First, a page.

The world of professional baseball has seen considerable rule changes in recent years, provoking players, coaches, and loyal fans to take sides on the game they love.
On January 16, 2014 Major League Baseball became the final professional North American sports league to implement the use of extended instant replay. Baseball had a previous system in place since August 2008, which allowed only the umpire crew chiefs to call limited replays.
Under the new system team managers are granted the ability to challenge one play over the course of the game, two if the initial challenge is won. The types of plays available for review have also grown to include force plays at any base, fair and foul ball calls, scorekeeping issues and many more.
If a replay is requested by the umpire or manager, the MLB turns over the decision power to a panel of six hand selected umpires in New York City. They then review the challenged play and send their final verdict to the umpire crew working the game.
Baseball is a game unlike most where few plays are needed to determine the outcome. The intention for the current system is to ensure that all calls are made correctly to keep the game as fair and accurate as possible.
While this may seem like a no brainer, there are still those who question the effectiveness of extended instant replay and call for its removal. They criticize the time it adds to an already lengthy game and fell that it tarnishes old traditions thought to be critical to baseball.
Will Farmer, senior infielder at Southern Illinois University, like most believes the replay system has it pros and cons. “I think it’s good and bad for baseball. It’s necessary for them to look at the bang-bang plays at the bases and make sure they get those calls right.”
Farmer continued by saying, “A downside of it is it obviously slows the game down and baseball is already a slow game. A three hour game can easily turn into a four hour or five hour game and that is ridiculous. I think they’re going to fix it along the lines, it is still young right now.”
In 2016, the third season with extended replay, the MLB saw 1,531 challenges over the course of the year, 51.4% of which were overturned. On average each replay lasted one minute and 54 seconds, keeping pace with the previous year’s numbers.
Dennis Galloway, a freelance sports production worker, has directed over 2,000 professional baseball telecasts during his career with the Pittsburgh Pirates and Baltimore Orioles. He has seen the changes baseball has made over the years, going from the old rules to the rules used today. Galloway believes the MLB is accomplishing the task at hand with the new rules.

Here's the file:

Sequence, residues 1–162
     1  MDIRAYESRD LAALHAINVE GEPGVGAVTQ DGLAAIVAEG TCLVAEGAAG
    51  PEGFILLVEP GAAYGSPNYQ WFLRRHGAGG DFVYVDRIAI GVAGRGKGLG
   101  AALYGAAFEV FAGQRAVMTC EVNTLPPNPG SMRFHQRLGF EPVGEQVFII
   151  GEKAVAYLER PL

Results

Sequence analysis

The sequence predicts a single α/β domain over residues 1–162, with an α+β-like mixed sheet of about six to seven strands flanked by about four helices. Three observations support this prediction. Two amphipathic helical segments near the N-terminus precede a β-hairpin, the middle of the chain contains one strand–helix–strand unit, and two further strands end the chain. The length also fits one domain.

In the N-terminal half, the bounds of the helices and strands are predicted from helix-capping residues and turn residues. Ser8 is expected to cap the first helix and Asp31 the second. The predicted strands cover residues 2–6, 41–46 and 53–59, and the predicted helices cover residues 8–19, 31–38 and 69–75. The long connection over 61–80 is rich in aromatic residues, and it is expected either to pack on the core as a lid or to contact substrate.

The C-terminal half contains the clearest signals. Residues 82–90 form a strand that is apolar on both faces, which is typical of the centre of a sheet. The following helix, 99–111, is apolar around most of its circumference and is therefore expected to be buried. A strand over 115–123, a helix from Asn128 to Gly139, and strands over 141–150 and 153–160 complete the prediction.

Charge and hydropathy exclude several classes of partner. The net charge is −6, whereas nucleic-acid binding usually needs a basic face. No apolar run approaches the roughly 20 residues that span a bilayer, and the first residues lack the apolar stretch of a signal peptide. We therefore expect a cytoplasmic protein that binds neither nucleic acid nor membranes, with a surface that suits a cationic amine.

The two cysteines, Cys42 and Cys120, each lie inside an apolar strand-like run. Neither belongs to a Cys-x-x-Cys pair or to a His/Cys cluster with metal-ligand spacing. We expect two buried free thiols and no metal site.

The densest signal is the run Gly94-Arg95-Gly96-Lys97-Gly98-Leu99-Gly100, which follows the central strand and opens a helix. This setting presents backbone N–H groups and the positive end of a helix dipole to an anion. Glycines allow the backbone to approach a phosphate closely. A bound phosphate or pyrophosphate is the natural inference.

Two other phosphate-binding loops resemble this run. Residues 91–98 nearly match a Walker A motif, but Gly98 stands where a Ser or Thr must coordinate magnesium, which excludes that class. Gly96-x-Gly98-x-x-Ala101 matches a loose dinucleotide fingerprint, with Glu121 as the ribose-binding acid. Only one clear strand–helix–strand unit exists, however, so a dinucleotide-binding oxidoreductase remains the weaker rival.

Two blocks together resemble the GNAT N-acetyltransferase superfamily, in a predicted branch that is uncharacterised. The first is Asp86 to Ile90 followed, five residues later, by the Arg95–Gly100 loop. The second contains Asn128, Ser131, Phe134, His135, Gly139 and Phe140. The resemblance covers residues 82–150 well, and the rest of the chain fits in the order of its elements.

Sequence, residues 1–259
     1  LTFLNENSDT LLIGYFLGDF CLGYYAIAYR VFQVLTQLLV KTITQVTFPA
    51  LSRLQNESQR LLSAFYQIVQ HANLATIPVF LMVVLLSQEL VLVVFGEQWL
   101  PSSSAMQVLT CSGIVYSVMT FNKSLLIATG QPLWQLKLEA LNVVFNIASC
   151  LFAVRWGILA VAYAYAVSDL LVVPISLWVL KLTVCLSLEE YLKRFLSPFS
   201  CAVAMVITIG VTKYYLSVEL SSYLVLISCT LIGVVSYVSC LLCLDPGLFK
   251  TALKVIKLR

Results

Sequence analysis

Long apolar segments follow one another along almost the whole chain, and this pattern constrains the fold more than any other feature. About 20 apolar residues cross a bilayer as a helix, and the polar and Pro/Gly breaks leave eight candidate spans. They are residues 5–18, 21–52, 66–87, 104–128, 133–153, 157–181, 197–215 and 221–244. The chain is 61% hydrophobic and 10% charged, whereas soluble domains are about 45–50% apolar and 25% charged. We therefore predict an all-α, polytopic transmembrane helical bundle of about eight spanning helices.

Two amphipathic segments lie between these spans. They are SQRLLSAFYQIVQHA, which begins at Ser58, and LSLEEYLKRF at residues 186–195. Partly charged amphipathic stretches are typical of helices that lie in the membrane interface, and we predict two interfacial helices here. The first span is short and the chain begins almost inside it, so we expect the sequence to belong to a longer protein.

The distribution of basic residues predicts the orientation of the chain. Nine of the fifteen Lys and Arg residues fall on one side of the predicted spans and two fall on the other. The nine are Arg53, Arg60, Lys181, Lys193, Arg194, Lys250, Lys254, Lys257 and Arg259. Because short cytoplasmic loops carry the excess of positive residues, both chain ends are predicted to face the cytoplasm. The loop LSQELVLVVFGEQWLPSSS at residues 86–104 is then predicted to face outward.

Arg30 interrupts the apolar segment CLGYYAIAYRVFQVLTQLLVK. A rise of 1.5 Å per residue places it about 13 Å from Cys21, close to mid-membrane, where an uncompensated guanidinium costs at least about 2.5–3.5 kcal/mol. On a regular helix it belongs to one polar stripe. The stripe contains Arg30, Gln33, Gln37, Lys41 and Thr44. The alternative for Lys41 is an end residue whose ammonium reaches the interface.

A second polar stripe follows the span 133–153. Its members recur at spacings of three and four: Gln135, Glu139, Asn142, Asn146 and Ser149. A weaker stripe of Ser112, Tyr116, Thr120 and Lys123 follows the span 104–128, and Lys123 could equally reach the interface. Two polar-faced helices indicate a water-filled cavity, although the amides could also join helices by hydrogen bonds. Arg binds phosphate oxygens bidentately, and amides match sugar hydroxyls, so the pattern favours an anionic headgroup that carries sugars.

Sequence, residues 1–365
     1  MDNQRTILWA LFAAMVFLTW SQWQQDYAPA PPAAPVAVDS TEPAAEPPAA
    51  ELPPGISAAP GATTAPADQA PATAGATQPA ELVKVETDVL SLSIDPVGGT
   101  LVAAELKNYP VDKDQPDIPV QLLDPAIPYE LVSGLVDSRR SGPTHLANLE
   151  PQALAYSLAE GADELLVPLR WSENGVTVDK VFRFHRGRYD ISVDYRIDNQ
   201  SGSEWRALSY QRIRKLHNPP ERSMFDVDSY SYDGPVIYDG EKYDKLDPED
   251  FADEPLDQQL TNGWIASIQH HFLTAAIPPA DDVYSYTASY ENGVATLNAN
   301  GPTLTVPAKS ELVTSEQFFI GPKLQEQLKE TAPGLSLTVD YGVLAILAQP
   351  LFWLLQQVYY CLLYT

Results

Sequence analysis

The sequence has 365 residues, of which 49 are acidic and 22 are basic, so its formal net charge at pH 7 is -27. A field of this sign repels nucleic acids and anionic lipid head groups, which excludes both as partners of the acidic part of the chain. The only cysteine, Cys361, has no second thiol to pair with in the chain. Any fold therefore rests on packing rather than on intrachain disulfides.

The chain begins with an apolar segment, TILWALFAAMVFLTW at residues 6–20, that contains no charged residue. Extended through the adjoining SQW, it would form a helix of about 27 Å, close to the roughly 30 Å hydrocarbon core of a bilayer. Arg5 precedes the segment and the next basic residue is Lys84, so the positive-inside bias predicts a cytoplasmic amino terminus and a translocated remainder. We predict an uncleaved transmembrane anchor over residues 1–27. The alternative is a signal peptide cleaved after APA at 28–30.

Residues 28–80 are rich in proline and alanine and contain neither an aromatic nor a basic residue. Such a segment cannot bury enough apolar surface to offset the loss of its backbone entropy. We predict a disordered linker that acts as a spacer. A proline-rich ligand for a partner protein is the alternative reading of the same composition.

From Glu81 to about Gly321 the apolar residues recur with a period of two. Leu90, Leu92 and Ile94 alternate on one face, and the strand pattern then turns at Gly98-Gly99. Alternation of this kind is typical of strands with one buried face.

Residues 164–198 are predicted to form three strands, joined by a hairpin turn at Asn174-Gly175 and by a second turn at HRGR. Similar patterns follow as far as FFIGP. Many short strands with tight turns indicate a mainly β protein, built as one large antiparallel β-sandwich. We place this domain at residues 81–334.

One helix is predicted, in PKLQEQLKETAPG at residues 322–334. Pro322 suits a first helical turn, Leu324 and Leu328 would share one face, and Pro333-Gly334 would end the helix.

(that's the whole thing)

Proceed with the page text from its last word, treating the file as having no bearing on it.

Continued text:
“I’m for it if it’s going to help get things right,” Galloway said. “There have been too many times it has been shown on a telecast or even on the video board that a play is incorrect. Fans are going crazy, announcers are going crazy on the air, but the call has not been reversed,”
One missed call that changed the history books occurred on June 2, 2010 when the Detroit Tigers faced the Cleveland Indians at Commerce Park in Detroit, Michigan, a day known to some as the “Galarraga game.”
Armando Galarraga was on his way to becoming the 21st pitcher in Major League history to throw a perfect game. Galarraga retired the first 26 batters he faced when the Indians Jason Donald hit an infield grounder in the top of the ninth inning.
First Base Umpire Jim Joyce ruled Donald safe at first, to the dismay of Tigers players, fans and viewers around the world. After another look, it was clear that the runner was out and Joyce made an error. Without extended instant replay, the call stood and Galarraga was stripped of perfect game and his spot in history.
An emotional Joyce met with Galarraga and the media after the game, admitting his mistake and apologizing for the incident. Under today’s rules the call would have been overruled and history could have been made yet again.
Some people still can’t accept the use of replays in baseball because they see it as a stain on the reputation and valued traditions passed down through generations. Baseball is widely seen as a sport that hasn’t changed much since it first playing.
Galloway is very adamant about his stance on technology in today’s world. “You need to keep up with the times. Technology is really entering into a lot of sports, and fans are looking for this.”
Change is inevitable, and the technological revolutions of the past 20 years are hard to avoid even in an old style sport. The use of cameras at live sporting events is still a growing industry, which allows fans both at the stadium and at home to see any play from multiple angles.
Farmer feels as though new technology is essential to today’s game. “I think times are changing, and I feel like you’re in the stone age if you don’t embrace the new technology. It’s better for the game to get things right, and if the technology is there why not do it?”
Extended instant replay has been around for three seasons now, and the system has seen improvements since its debut. More calls are being reviewed, resulting in a more accurate game for all involved.
Baseball may not be the same game as it once was, but technological innovation and acceptance to change can strengthen the traditional ideas by shaping them to more modern societal values.